Having grown up in Phakamisa, Dlala Indima was aware that they should focus on youth and they would need to find a way for accessing and mobilizing them. Initially they had identified an abandoned butchery and the adjoining shop as a site, which was being used by the youth as a secluded site to take drugs and drink. With their own interests in graffiti and hip-hop they partnered with exiting events and movements that were already working with the youth of the area. Throughout these events flyers were distributed to invite people to opening launch event of the Dlala Indima Centre. These events were valuable because as the youth were raising concerns around how fellow residents were treating the environment. Despite scepticism from the municipality, drawing from community support and a smart use of a relative small budget they were able to realise the project. In conceptualising the centre, Dlala Indima was not an attempt at “replicating an existing Hip-hop or graffiti vernacular, but were also experimenting across new ways of visual and verbal representation inspired by the local context that challenge the rural-urban divide.” (Sitas, unpublished, 2014)
Appropriating a similar strategy to the events they participated in earlier in their process, they placed a sound system outside of the butchery, to draw people in. This became a daily event for residents, with people either coming to relax or help out if they had spare time. This was vital to the project, as it gave time for residents to develop their own relationship to the project and give the artist the opportunity to reflect on the themes and interests expressed by the youth. This would later inform their thinking around the images and phrases that would be used in the final pieces. Through this process Dlala Indima were able to expand the core group of forty volunteers that they worked with, to about two hundred people who moved in out of the projects at various stages. These interactions further assisted in identify other sites, such as bus stops and crèches that would benefit from this type of positive messaging.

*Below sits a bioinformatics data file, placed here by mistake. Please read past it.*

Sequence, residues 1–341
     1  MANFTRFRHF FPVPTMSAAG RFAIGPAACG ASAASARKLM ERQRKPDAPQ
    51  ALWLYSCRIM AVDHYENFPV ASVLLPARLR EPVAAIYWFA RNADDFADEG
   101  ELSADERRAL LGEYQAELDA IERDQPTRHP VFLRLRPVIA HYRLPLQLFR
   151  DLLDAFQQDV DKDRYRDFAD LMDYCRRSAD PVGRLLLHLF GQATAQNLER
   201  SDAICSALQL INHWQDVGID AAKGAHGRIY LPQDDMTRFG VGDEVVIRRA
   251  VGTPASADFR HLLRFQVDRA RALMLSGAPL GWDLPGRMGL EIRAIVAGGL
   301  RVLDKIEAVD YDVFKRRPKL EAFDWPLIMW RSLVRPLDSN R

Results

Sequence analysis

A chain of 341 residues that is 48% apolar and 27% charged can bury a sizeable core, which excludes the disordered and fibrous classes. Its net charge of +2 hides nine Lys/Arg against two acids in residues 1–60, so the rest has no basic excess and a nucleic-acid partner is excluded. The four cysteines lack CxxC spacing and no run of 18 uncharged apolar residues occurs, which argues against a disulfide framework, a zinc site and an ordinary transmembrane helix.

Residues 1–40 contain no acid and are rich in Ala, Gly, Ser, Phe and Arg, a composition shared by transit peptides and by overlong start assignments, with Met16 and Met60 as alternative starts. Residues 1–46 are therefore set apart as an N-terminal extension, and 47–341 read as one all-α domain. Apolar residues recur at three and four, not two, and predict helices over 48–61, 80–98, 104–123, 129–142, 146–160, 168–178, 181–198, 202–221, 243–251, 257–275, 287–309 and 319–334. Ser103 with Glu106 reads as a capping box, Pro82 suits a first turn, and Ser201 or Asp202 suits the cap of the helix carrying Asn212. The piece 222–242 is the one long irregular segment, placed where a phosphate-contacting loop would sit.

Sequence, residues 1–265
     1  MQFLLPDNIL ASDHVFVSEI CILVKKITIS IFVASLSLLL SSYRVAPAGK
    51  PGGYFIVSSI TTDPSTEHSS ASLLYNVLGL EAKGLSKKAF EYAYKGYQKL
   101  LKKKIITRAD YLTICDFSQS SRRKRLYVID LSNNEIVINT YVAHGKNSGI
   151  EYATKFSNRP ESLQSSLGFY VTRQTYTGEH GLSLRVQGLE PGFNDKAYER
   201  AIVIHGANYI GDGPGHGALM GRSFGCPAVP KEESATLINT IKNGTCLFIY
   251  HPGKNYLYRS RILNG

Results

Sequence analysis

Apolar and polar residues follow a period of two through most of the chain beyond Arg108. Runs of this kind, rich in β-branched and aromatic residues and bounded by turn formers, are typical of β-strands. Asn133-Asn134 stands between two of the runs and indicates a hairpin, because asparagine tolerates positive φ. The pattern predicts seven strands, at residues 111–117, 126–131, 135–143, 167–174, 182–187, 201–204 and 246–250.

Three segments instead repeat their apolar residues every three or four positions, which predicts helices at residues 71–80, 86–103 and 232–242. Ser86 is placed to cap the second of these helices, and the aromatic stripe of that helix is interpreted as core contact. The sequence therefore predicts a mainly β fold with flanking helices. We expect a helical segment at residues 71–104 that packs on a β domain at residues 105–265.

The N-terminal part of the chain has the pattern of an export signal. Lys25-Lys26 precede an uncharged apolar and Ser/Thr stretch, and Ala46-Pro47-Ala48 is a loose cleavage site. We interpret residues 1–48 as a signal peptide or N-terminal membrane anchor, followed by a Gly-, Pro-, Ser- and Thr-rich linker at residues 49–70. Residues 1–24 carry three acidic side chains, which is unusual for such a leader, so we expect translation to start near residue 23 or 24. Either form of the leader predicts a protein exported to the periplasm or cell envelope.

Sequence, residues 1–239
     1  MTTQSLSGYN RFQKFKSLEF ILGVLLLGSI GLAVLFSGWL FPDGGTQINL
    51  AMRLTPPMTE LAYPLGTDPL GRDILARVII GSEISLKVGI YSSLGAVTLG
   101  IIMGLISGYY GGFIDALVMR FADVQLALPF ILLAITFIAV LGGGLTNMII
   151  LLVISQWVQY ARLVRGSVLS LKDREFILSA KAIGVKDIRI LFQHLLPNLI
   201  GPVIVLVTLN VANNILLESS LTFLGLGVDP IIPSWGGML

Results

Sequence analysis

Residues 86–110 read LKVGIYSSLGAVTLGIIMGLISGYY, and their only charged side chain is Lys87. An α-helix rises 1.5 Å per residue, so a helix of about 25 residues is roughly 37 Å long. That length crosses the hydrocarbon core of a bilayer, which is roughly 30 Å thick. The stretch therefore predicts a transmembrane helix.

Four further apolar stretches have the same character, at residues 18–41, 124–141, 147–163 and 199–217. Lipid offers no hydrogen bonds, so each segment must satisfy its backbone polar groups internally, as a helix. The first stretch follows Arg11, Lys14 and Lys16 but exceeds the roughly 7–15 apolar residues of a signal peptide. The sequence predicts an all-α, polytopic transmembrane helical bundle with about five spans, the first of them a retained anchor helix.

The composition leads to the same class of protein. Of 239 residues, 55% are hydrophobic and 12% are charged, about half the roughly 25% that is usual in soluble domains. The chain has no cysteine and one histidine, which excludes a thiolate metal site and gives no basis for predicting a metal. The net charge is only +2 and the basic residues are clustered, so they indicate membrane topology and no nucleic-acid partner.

The success of Dlala Indima is that they localised a vocabulary associated with urban subculture in a rural community to open up public discussion about the environment and beauty norms. They successfully through their extended process “highlighted that working collectively within ones own context offers unique opportunities for inclusion”. (Sitas, 2014) These two elements combine created the momentum for residents to redefine and question there own notion of place. They actively participated in several components of the project and determined and shaped aspects of the visual identity of the project. in its third year the Dlama Indima Centre is still operational with a varied programme, where young professional from Phakamisa come and speak to the youth, regular documentary screening and workshops structured around various themes that came out of the initial project. The team have received a second grant to reflect on this process and are developing an adaptive methodology that could be used to develop a network of community centre across the Eastern Cape.
Dlala Indima, as a collective formalized by Buntu Fihla, Kwanele Mboso and Zingisa Nkosinkulu, during a larger Two Thousand and Ten Reason to Live In a Small Town 2011. The collective all grew up Phakamisa and wanted to contribute to the greater good of their community by mobilising the youth. They invited Mak1one a prominent Cape Town graffiti artist, to join in what would become an intensive community led regeneration project. The project formalised NPO and have managed to run the centre very little funding. Dlala Indima have received a small amount of funding for 2014/2015 to develop a network of community centres across the Eastern Cape.
All copyright belongs to Shanghai Academy of Fine Arts, Shanghai University.